Tauranga Council adopts Long Term Plan
Tauranga City Council’s commissioners have adopted the city’s audited 2021-31 Long-term Plan, together with its supporting Revenue and Finance Policy, Financial Strategy and Infrastructure Strategy.
Speaking after today’s Council meeting, Commission Chair Anne Tolley says the LTP marks a significant step forward for Tauranga and will progressively address the city’s inadequate and aging community facilities and infrastructure needs.
“Developing a robust LTP and engaging with the community to ensure that it is understood and supported were two of the key functions the Commission was charged with when we were appointed and its very satisfying to have ticked-off those milestones,” says Tolley.
“The work programme set out in the LTP gives us the building blocks to create a great city. It’s now up to all of us to deliver on that promise, because the future of Tauranga literally depends on it.”
Key planks underlying the adopted 10-year plan, which were highlighted through the consultation process, are:
• The adoption of a $4.6 billion capital investment programme (supported by 46 per cent of submitters responding to the level of investment option in the draft plan, with 16 per cent supporting a lower level of investment and 36 per cent - most of which were proforma responses - wanting much lower rates increases, and by implication, lower levels of investment);
• The introduction of targeted rates (supported by 67 per cent of submitters on that option)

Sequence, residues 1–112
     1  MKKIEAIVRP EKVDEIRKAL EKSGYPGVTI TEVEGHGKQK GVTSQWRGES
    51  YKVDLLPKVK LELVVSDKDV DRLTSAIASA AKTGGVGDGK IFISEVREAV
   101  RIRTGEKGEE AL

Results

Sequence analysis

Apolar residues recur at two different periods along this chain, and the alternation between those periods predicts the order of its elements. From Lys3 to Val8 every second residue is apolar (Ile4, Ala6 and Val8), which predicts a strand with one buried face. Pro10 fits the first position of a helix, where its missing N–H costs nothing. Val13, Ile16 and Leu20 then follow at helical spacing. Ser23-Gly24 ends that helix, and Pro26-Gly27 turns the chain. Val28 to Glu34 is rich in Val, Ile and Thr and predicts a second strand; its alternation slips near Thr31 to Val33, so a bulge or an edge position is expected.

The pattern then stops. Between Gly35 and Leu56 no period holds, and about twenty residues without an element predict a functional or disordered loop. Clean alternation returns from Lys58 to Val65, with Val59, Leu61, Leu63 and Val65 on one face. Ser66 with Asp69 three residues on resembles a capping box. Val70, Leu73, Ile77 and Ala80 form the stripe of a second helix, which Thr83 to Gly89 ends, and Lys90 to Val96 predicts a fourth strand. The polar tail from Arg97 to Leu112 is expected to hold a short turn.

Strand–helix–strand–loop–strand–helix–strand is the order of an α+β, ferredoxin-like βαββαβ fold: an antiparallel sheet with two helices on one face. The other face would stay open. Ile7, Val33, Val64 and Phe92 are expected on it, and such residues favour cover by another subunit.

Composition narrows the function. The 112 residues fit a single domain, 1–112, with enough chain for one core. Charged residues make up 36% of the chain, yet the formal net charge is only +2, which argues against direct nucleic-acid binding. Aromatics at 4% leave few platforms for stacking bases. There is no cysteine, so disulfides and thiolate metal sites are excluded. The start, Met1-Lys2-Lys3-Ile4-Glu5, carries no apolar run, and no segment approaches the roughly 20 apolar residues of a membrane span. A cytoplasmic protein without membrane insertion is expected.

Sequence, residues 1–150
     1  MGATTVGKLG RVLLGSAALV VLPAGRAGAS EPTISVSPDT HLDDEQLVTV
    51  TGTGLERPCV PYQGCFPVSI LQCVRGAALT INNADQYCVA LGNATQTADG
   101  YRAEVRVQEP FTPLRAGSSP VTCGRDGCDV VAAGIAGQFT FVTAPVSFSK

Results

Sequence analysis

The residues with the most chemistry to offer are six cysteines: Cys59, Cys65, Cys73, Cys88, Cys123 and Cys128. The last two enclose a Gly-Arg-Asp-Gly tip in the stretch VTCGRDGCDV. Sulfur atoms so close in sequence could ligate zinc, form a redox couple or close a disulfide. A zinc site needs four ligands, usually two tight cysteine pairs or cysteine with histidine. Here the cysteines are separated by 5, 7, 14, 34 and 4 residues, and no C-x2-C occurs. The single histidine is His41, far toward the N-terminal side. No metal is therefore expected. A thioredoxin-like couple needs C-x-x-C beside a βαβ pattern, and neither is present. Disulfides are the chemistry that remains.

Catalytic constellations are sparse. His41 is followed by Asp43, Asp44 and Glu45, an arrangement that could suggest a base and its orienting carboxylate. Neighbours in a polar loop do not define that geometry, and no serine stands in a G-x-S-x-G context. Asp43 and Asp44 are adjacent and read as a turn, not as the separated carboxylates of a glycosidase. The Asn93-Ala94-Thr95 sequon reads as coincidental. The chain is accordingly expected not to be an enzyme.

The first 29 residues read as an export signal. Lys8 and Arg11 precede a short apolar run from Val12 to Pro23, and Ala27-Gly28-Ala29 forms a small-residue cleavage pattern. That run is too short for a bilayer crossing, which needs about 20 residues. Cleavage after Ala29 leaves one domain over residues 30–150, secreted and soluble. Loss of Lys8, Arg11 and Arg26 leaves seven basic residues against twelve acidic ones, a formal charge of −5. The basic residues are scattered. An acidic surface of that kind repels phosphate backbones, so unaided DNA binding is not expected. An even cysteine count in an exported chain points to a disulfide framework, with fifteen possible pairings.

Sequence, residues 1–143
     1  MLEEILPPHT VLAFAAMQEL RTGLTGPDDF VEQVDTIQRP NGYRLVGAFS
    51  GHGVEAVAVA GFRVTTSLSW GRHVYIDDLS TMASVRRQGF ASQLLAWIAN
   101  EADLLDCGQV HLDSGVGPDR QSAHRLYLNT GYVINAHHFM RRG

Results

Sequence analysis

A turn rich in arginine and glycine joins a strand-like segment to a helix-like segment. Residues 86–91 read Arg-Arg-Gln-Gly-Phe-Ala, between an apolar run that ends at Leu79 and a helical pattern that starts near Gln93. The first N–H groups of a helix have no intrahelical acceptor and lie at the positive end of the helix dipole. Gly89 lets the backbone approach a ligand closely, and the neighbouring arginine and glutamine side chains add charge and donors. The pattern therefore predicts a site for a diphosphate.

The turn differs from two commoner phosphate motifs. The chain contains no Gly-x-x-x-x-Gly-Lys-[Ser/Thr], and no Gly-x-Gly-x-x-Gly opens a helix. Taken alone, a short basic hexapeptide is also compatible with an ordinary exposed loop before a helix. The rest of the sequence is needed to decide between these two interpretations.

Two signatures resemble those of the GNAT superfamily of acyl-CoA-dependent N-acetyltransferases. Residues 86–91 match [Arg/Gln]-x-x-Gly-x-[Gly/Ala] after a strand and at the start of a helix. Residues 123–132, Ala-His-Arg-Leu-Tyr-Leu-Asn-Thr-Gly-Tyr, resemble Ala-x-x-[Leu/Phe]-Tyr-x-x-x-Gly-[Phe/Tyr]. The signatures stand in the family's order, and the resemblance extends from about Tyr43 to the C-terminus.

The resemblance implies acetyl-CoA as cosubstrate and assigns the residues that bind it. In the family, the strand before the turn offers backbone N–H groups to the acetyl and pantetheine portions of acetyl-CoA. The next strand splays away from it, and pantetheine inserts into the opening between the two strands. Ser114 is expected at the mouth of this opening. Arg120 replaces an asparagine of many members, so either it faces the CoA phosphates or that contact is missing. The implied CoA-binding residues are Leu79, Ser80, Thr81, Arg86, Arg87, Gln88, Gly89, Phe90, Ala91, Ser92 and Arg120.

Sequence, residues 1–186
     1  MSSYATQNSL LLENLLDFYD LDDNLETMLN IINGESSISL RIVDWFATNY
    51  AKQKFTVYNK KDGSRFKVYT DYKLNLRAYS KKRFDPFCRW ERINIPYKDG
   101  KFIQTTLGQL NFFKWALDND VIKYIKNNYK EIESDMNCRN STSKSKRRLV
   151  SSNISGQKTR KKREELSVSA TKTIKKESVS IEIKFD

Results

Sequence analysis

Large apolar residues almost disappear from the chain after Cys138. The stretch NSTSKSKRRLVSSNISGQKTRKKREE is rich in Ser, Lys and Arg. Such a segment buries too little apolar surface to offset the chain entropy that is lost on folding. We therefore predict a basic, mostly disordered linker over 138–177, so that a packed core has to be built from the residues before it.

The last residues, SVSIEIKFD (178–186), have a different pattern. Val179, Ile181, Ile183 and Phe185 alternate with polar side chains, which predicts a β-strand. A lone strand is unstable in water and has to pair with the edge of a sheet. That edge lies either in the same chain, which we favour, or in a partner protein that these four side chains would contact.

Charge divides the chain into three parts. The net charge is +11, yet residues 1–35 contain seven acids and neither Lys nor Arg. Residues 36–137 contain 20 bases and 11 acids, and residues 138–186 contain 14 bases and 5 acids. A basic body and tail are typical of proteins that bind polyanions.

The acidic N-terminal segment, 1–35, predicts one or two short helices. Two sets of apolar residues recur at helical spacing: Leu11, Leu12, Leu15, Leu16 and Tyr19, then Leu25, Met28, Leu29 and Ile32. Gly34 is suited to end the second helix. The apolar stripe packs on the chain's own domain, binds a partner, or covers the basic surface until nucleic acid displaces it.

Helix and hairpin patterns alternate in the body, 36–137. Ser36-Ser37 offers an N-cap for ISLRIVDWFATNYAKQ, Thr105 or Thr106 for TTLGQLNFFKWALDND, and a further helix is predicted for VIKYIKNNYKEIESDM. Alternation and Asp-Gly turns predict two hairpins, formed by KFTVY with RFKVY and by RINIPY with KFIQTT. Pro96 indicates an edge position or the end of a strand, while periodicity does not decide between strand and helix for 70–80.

• An increase in the commercial differential rate from 1.2:1 to 1.6:1 (supported by 71 per cent of submitters);
• Separation of the Pitau Road and Hinau Street villages from the elder housing portfolio, to be sold for private development (80 per cent support);
• Establishment of a $1.8 million Community Grants Fund (72 per cent support); and
• Centralising Council administration functions in new leased premises to be built at 90 Devonport Road (82 per cent support).
The LTP became operative immediately after adoption, with rates charges backdated to 1 July and other fees and charges taking effect from 1 August.
For a median value residential property, 2021/22 rates will increase by 16 per cent, including the cost of the new kerbside waste collection service (which for many people has replaced a more costly service provided by private contractors) and targeted rates (excluding water rates).
That equates to $7.08 a week, or around two 2-litre bottles of milk.
For a median value commercial property, rates will increase by 35 per cent, or $32.14 a week, bringing commercial rates more into line with those applying in other centres.
Also adopted at today’s Council meeting was the Development Contributions Policy 2021/22.
This provides for a significant increase in citywide development contributions, a charge paid by all new developments, to fund our core infrastructure.
The increase will be phased in over the next year, instead of being applied in full on 1 August, as a result of community concerns heard through the submission process.
The citywide development contribution for a dwelling of three or more bedrooms will increase from $12,208 (current policy) to $19,708 on 1 August 2021, and then to $28,557 on 1 February 2022.
The main reason for this increase is to help fund the construction of fit-for-purpose infrastructure to meet the city’s current needs and cater for future growth.
If development contributions were not used, this cost would have to be funded from rates.